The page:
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Look just above the dhows, to the left of the white building with green windows and you will see a flat building and Carrefour on it.

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The pyramid on the right is the Sheraton, once the hottest hotel in Doha. To the left, you can see the white building with the green windows, which almost disappears now. I want you to notice how relatively bare the skyline is, and this is 2005.

 

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These two buildings used to be the tallest on the Corniche.

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You can see them in the lower right of this photo, dwarfed by all the new sky-scrapers. At the far left, you can see one of my very favorites, a (formerly) tall building with a mosque built jutting out in the middle. You can barely see it now; it used to be one of the most prominent buildings on the Corniche.

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This is what the building looks like when not surrounded by giants.

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This is what it looks like now, almost indistinguishable from the buildings surrounding and overwhelming it.

I used to meet a friend every Tuesday morning and walk the Corniche. We watched the buildings going up, tributes to the huge amounts of cash pouring into the Doha economy and the huge egos that need to build huge towers to put their names on. As they were being built, there were constant fires, mostly electrical, which challenged the fire department and killed the low-paid laborers. American firms seeking office space brought in experts to inspect buildings before renting them, to be sure modern, safe construction practices had been used. Most of the new high rises had been built with severe deficits, unsafe concrete, unsafe wiring, failure to allow people to evacuate safely in case of an emergency and elevators that barely worked even when brand new.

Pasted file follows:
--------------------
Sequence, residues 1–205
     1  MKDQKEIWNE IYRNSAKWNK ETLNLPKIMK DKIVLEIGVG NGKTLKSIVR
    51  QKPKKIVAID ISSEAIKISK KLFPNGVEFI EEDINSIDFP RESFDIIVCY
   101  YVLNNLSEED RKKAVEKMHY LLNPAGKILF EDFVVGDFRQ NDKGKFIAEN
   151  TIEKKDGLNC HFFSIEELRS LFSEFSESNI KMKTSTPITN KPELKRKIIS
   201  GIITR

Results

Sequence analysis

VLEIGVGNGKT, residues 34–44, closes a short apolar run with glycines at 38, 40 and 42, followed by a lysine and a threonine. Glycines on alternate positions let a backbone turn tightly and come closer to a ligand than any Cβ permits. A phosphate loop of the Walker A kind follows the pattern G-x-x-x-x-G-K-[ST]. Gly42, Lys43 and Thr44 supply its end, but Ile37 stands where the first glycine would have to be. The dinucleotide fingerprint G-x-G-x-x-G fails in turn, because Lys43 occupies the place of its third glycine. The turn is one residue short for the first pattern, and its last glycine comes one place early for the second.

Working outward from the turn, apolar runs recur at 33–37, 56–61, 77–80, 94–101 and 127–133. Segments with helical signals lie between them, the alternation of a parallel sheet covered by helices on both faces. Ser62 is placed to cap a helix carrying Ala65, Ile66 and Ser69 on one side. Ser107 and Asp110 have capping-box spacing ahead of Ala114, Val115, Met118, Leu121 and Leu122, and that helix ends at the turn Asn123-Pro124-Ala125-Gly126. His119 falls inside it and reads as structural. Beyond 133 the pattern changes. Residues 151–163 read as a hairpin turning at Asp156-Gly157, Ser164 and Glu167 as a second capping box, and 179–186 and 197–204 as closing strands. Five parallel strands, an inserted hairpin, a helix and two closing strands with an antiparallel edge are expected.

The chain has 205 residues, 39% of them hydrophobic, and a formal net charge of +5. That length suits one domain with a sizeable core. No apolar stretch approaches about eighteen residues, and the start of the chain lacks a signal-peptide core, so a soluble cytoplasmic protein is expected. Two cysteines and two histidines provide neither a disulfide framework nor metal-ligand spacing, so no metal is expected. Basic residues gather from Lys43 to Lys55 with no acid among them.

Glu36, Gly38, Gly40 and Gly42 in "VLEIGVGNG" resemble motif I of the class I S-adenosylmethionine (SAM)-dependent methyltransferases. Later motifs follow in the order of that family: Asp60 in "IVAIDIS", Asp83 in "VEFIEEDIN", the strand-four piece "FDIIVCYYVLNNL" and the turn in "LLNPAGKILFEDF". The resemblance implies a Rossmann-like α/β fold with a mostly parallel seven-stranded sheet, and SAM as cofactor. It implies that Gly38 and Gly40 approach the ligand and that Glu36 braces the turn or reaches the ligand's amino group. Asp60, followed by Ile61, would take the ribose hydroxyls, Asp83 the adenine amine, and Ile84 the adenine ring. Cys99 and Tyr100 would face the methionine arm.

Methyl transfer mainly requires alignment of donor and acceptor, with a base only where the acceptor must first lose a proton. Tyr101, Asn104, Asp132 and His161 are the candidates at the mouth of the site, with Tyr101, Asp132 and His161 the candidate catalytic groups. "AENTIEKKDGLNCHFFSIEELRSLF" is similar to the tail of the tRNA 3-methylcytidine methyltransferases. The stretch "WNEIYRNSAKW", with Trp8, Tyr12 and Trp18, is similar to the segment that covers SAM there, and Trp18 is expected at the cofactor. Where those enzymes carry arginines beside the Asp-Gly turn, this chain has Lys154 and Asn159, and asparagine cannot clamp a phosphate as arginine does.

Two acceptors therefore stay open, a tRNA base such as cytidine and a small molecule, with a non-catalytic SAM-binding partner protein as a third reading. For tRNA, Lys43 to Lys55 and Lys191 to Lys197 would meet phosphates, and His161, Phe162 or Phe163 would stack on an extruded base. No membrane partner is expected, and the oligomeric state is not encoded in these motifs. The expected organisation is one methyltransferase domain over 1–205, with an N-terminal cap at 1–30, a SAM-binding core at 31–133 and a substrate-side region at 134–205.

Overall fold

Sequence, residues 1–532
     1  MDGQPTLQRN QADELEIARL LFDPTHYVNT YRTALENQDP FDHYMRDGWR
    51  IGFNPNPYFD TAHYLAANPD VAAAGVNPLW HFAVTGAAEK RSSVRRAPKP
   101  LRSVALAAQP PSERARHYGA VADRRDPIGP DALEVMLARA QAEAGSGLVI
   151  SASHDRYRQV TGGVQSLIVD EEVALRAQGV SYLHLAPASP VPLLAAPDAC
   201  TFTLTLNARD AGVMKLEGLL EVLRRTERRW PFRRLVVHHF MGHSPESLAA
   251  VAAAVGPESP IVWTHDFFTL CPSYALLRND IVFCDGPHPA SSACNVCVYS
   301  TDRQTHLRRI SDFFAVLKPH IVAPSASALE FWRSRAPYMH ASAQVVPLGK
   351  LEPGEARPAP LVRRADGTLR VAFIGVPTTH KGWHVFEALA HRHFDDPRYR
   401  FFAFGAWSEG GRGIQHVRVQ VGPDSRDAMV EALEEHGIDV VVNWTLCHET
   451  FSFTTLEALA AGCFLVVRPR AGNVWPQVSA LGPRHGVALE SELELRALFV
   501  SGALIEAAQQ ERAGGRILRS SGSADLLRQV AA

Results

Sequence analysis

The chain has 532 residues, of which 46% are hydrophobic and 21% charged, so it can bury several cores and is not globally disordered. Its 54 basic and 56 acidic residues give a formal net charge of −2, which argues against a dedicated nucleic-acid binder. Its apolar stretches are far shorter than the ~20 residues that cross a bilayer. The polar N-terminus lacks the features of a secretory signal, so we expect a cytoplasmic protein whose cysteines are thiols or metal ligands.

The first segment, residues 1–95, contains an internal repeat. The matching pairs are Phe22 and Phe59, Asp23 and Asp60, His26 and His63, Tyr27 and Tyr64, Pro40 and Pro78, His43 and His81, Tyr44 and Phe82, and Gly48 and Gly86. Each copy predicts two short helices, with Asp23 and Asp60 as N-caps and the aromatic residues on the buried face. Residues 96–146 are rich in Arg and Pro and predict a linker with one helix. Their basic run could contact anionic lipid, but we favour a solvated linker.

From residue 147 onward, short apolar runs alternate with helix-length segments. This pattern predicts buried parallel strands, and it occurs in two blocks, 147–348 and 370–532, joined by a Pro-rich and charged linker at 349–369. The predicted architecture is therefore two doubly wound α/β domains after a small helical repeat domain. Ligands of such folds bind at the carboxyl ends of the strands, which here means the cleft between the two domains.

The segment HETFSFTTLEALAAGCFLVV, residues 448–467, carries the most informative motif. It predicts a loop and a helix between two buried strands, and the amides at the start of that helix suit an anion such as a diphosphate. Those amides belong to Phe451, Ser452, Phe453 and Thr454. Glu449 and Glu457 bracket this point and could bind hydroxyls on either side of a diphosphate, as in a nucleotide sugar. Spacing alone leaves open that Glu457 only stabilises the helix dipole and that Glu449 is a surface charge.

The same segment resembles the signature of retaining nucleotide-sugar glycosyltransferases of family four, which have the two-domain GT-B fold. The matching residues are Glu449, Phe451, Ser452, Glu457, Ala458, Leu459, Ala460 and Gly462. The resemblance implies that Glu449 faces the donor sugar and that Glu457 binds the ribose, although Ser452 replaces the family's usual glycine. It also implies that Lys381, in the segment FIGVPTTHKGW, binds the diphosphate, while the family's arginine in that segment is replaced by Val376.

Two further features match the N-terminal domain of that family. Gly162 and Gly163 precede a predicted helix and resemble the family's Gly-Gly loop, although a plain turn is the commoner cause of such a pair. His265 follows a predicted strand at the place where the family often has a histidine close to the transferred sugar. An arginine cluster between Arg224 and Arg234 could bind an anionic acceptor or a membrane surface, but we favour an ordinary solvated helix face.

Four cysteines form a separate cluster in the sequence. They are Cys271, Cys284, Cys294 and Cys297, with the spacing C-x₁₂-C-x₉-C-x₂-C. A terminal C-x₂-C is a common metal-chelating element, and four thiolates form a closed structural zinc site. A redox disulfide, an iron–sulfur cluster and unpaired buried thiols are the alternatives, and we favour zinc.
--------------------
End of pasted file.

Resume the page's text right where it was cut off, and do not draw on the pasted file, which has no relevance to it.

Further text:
We particularly laughed at the giant phallic silver building front and center.

The extreme heat and humidity of Doha is hard on even good construction, drying out sealants on the windows (allowing dust and water to penetrate), peeling facades, making buildings a mere twenty years old look dingy and severely weathered. One relatively new building had windows popping out in its first five years.

On a hot night AdventureMan and I would have dinner downtown, often at The Majlis, and then go out to the Corniche and board one of the dhows decorated with strings of Christmas lights for a cooling ride along the coastline, where the breezes would blow and Sleepy Little Doha would sparkle.

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September 23, 2018 Posted by | Adventure, Building, Cross Cultural, Doha, ExPat Life, Living Conditions, Qatar | 1 Comment

When Nothing Means Something

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I lived through the 70’s and the ’80’s and as I have watched the young of our generation grow to maturity, I have had hope for a different kind of world. I believed I saw it coming, a new way of thinking, where women had equality, where all people had respect regardless of skin shade. I suspected it would be slow, but the dinosaurs my age and older would die off, leaving the more enlightened young people in charge.

When Obama was elected, I danced for joy. I saw it as a sign – a man of color elected President of the United States! To me, he embodied what our nation was established to attain. Freedom. Liberty. Justice for ALL. Equal opportunity.